Team

The San Antonio Spurs won the 2007 NBA Championship. It is their fourth title since the NBA had a lock out prior to the 1999 season. The team isn’t guided by someone that dominates statistically. The team dominates by having no single strength or weakness. They do everything very well, not great, but that is the point. Add all those very goods up and you get great. That is also why they are enduring team. There isn’t a counter scheme for the scheme they run. You simply have to outplay them. What is meant by that is exemplified by Shaquille O’Neal and the Lakers. The team won three championships from 2000-2002. But in 2004, the team was exploited by a Pistons team that knew how to counter the moves the Lakers made. The Pistons had answers for O’Neal by defending him with Ben Wallace. Kobe Bryant did very well to pick up the slack, but that turned the team into a one dimensional one that never got going (this problem persists for them).

Another sports illustration. Willis McGahee was drafted by the Buffalo Bills in the first round of the NFL draft. The Bills already had a top quality running back in Travis Henry. The team concept was immediately destabilized. The writing was on the wall for the current guy (Henry) and the next guy, although not asking for this situation, must now prove he was worth jettisoning the incumbent, plus the lost opportunity cost of drafting a player of need. McGahee, in his first action, did prove very good. But that wasn’t enough. To compensate for being the replacement, he had to verbalize his confidence. That outspokenness isn’t a current trademark of the Buffalo Bills. It is a blue collar town who expect people to perform and to then by modest about it. And if you weren’t modest, then the team better be winning. McGahee wasn’t modest, once boasting that he was the best running back in the NFL. The team wasn’t winning either. The situation wasn’t good for the team or McGahee. He needed to be traded and the Baltimore Ravens agreed to a deal. Now McGahee can just perform without having to compensate for a player that shouldn’t have been replaced or a team winning or losing based primarily on his feet. He can just be part of the team.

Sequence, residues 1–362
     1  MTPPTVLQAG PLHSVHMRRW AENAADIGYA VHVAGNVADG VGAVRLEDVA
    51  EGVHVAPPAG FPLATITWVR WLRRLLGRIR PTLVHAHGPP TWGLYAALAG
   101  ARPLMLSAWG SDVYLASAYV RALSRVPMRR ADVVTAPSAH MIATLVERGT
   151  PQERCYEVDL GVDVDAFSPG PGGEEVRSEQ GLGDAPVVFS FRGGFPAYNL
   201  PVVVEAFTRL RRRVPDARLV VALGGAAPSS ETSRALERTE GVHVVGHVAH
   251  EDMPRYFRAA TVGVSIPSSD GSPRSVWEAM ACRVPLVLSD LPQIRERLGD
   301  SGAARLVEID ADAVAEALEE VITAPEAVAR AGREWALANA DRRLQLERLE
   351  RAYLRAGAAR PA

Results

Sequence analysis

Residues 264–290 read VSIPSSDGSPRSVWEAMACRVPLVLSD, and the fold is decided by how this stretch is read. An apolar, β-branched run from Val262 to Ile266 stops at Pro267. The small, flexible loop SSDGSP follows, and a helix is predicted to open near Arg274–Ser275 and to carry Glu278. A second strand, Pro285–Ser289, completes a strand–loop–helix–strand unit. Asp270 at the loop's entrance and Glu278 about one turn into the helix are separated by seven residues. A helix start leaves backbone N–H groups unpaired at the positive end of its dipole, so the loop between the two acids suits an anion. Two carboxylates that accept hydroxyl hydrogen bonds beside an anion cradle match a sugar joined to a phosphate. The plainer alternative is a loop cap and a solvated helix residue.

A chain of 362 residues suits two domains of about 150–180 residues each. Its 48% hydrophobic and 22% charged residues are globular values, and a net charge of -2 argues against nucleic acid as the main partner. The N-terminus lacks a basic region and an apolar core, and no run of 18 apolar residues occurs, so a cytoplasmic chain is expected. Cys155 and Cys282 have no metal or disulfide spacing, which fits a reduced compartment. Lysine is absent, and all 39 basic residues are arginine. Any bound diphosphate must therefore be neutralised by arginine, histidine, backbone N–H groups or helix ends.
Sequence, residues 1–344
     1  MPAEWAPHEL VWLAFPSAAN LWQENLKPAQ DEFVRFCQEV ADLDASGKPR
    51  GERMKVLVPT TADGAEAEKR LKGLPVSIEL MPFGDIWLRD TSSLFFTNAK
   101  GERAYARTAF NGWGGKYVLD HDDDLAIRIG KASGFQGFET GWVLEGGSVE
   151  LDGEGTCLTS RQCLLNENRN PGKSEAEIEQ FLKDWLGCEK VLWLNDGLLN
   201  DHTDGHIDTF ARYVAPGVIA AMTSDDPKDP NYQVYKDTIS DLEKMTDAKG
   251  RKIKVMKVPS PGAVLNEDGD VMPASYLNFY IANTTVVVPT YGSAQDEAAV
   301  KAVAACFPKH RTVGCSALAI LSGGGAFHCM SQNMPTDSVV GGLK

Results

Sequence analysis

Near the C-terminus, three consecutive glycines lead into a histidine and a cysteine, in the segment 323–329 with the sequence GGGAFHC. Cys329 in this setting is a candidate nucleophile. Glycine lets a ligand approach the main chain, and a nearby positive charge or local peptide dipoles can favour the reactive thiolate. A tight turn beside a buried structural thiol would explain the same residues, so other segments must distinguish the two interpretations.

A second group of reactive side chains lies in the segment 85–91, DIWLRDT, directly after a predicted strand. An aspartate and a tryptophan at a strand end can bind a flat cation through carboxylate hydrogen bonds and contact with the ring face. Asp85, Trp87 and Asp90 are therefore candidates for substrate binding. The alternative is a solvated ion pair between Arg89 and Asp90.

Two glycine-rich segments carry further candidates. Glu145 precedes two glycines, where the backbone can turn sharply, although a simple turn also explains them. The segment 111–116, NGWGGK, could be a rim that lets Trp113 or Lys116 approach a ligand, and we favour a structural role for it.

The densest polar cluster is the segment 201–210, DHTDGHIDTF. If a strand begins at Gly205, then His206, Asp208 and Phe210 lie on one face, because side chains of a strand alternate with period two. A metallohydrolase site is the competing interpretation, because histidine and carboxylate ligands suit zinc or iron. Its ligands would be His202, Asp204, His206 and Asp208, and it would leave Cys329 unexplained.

So  that is a long winded way of saying that there are many more business examples of Willis McGahee than there are of The San Antonio Spurs. Since the world is getting more and more competitive, being a good team is far more important than having five standout performers. Eventually a team like the Spurs is going to come along and maybe they don’t win every year, they will win often.

So how do we ensure that the team is gelling?

A) Share a common goal – Profits in a quarter or sales in a year or something like that.
Enable the members of the team to do their parts – What I mean by this is not everyone has to be a lead salesman. Sometimes, you will need someone with experience to sit a younger contributor down and mentor/coach them. These sessions might even be just sharing a joke or asking how the weekend went. It must be non threating.
C) Make sure everyone on the team performs, at least once, the job of their teammates – This might be the person that is usually leading to take a back
seat so that someone trying to prove them self can take a stab at it and then whole heartily striving for their success.
D) Acknowledge the effort based accomplishments – Make these synonymous to a secret code. Make it seem like every time someone achieves one of these, the group celebrates it as if they just found a new and faster way to work.
E) Don’t create unnecessary drama – The team must trust each other and when that is present, there isn’t any reason to disrupt it. Additions or subtractions at this point should be minimal and apparent to the team as a need.

You do these five activities and the team will come together more often than not. You should see steady wins and no clear means for countering by your competition.

About benleeson
My name is Ben Leeson. I currently work for a large financial company in IT. I went to school at Marist College in Poughkeepsie, NY. I graduated with a B.S. in Business Administration concentrating in HR. Professor William Brown taught me and I enjoyed his classes; even acquiring an appreciation for just about all things HR. I didn’t pursue a job in that field after college but I’ve kept up with it. This blog will further my fascination with all things HR. I hope to grow my knowledge of the area through thoughtful writings and spirited feedback. I will attempt to have a fairly routine style so anyone reading can come to expect certain segments. Please excuse my incorrect grammar and occasional misspelling.

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